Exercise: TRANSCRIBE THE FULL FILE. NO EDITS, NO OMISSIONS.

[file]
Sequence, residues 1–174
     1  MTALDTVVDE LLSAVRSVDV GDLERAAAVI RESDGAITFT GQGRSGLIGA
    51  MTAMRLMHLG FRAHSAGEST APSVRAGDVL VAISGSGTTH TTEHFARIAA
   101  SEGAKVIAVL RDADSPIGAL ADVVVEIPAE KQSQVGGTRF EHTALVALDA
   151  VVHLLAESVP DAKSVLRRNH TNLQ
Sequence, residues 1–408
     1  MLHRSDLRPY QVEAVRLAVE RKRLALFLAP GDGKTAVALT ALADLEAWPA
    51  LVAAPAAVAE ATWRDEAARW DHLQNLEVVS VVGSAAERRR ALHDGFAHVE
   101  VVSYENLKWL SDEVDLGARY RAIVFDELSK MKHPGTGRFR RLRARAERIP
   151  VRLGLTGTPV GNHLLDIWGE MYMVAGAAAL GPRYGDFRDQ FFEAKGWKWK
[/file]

Sequence, residues 1–174
     1  MTALDTVVDE LLSAVRSVDV GDLERAAAVI RESDGAITFT GQGRSGLIGA
    51  MTAMRLMHLG FRAHSAGEST APSVRAGDVL VAISGSGTTH TTEHFARIAA
   101  SEGAKVIAVL RDADSPIGAL ADVVVEIPAE KQSQVGGTRF EHTALVALDA
   151  VVHLLAESVP DAKSVLRRNH TNLQ
Sequence, residues 1–408
     1  MLHRSDLRPY QVEAVRLAVE RKRLALFLAP GDGKTAVALT ALADLEAWPA
    51  LVAAPAAVAE ATWRDEAARW DHLQNLEVVS VVGSAAERRR ALHDGFAHVE
   101  VVSYENLKWL SDEVDLGARY RAIVFDELSK MKHPGTGRFR RLRARAERIP
   151  VRLGLTGTPV GNHLLDIWGE MYMVAGAAAL GPRYGDFRDQ FFEAKGWKWK